The Publishing Project

WordPress CMS CRUD (Part 3): Some additional thoughts and ideas

In the last posts we created a CRUD system for authenticated WordPress requests but it’s not complete. It currently only deals with the post content, it doesn’t provide an easy way to paginate content, and it doesn’t provide for how to access other parts of a WordPress site or app.

This post will discuss solutions to these problems.

Embedding content related to the post

When we load the data from the posts REST endpoint we get references to the post assets like featured image, author, and comments.

This is good when we’re exploring the API but it becomes troublesome when we are building the content out for displaying it to the user. We would have to make additional requests for these assets and we’re not guaranteed that they exist so these additional requests and delays may be for nothing.

Instead we can leverage the API and use the _embed query parameter to include the additional post resources when we fetch the posts. This makes the response larger but it guarantees that we will have all the data available to build post listings and individual posts.

TO make the embedded assets available to individual posts, we need to modify the init() function to add the _embed: "" parameter to the get Axios call

The modified code looks like this

export function init(event) {
  if (event) {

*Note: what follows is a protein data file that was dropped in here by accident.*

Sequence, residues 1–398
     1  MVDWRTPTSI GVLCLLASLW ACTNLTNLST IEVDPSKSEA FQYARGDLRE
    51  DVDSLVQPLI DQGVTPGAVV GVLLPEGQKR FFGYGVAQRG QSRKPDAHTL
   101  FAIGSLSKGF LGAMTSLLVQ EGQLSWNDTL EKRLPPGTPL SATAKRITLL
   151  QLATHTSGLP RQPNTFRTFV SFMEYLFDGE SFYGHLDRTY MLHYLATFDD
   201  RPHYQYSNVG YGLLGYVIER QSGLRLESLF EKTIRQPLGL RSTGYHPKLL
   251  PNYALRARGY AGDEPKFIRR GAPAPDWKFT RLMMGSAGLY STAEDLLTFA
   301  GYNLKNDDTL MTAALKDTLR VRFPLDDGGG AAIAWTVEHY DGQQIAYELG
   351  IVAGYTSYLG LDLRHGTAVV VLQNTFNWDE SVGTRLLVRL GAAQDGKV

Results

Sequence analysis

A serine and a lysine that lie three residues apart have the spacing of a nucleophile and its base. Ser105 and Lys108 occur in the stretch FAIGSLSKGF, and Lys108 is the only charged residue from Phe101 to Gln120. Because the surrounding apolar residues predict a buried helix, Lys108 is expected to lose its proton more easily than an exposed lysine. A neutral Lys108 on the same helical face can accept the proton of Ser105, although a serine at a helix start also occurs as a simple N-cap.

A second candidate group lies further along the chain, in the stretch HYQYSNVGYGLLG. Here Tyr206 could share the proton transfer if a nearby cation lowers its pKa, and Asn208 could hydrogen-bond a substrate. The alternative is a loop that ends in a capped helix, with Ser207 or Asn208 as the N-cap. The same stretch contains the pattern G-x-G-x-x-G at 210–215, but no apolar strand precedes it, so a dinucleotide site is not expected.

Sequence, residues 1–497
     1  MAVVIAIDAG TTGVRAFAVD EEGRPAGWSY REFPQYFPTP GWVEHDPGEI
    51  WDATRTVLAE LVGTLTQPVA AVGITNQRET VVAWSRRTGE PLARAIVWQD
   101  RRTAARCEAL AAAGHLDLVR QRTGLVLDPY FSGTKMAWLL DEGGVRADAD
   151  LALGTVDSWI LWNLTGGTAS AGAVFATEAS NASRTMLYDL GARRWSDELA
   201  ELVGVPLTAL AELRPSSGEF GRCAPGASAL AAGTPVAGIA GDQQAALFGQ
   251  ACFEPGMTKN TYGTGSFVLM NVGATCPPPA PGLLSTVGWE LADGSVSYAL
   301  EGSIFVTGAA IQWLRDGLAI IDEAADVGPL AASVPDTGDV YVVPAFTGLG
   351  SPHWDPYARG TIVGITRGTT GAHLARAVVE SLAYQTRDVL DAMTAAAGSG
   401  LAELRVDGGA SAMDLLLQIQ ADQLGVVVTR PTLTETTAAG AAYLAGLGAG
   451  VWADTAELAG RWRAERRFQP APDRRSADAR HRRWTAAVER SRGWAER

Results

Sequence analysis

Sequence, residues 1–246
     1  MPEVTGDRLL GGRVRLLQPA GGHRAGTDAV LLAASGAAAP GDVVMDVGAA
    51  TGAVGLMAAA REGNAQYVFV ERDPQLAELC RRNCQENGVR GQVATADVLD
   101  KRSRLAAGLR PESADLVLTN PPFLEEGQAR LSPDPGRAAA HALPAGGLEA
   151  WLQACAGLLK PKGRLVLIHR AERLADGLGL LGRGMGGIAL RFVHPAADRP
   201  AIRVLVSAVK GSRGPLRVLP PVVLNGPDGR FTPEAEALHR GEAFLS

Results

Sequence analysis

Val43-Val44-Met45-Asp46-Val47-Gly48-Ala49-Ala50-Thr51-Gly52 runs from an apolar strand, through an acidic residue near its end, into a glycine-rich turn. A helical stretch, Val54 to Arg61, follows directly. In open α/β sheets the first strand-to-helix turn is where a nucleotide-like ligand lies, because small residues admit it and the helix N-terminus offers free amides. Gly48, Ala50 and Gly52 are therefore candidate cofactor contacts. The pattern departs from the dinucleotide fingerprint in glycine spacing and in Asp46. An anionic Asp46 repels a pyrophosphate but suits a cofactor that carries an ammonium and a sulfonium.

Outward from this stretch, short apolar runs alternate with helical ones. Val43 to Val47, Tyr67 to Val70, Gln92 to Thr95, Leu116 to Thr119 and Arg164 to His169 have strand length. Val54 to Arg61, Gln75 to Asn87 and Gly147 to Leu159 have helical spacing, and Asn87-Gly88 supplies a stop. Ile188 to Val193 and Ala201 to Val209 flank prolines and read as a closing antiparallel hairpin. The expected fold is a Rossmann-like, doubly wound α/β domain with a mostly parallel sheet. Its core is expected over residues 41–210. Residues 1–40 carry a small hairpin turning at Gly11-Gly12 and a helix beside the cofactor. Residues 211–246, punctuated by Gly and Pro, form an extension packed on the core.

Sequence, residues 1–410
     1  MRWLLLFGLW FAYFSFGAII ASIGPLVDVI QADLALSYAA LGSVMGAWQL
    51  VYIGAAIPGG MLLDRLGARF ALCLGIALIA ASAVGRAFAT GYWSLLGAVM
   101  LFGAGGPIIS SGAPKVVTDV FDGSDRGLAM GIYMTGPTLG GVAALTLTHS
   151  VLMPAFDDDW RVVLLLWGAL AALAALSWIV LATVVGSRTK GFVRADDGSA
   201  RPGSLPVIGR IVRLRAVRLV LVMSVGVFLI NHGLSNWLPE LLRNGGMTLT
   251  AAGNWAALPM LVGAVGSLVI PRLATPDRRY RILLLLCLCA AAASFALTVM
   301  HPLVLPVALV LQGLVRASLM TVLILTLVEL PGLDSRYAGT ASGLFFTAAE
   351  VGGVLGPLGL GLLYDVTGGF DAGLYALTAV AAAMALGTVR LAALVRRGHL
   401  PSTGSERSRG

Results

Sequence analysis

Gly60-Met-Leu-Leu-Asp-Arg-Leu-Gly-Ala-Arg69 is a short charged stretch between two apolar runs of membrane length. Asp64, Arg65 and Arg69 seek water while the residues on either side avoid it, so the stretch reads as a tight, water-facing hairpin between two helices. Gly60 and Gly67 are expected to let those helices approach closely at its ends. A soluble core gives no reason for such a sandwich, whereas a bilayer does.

event.preventDefault();
  }

  .get(state.restUrl + "wp/v2/posts/", {
    params: {
      _embed: "",
      // Set number of posts to get
      per_page: 10,
    }
  })
}

This code will embed all associate assets to each post on the response, making it easier to create posts the match what we get with a WordPress theme.

Paginating content for navigation

By default, the WordPress REST API will return ten items per request. We can change that using the per_page parameter to change the number of items that the API returns up to one hundred.

Creating the pages

But in and of itself this is not enough. Using per_page will always return the same data. We need to tell WordPress what page of the content we want.

The way to do it is to combine per_page, that will give us the number of items that we want the API to return, and page that provides the offset where to start the count of items to return.

For example the following request will return the second page of 5 items from the site’s REST API.

/wp-json/wp/v2/posts/?per_page=5&page=2

Both parameters are optional.

Leveraging X-WP-TotalPages

So we know how to create pages of content but how do we make sure that we don’t go over the last page?

WordPress’s REST API provides two custom headers: X-WP-Total that gives you the total number of the type’s items (post, pages, etc) in the collection and X-WP-TotalPages that gives the total number of pages available given the number of items per page we specify.

Using X-WP-TotalPages we can build page navigation links and we can build links to each page.

Accessing other elements of a WordPress site

So far we’ve only worked with posts and their embedded content but many other items make up a WordPress application.

The following table, taken from REST API Handbook Reference shows you the default routes available through the API.

Default endpoints available on the WordPress REST API
Resource Base Route
Posts /wp/v2/posts
Post Revisions /wp/v2/posts/<id>/revisions
Categories /wp/v2/categories
Tags /wp/v2/tags
Pages /wp/v2/pages
Page Revisions /wp/v2/pages/<id>/revisions
Comments /wp/v2/comments
Taxonomies /wp/v2/taxonomies
Media /wp/v2/media
Users /wp/v2/users
Post Types /wp/v2/types
Post Statuses /wp/v2/statuses
Settings /wp/v2/settings
Themes /wp/v2/themes
Search /wp/v2/search

This table does not include API routes added by plugins or generated outside the core API. Your overall API route table will certainly look different.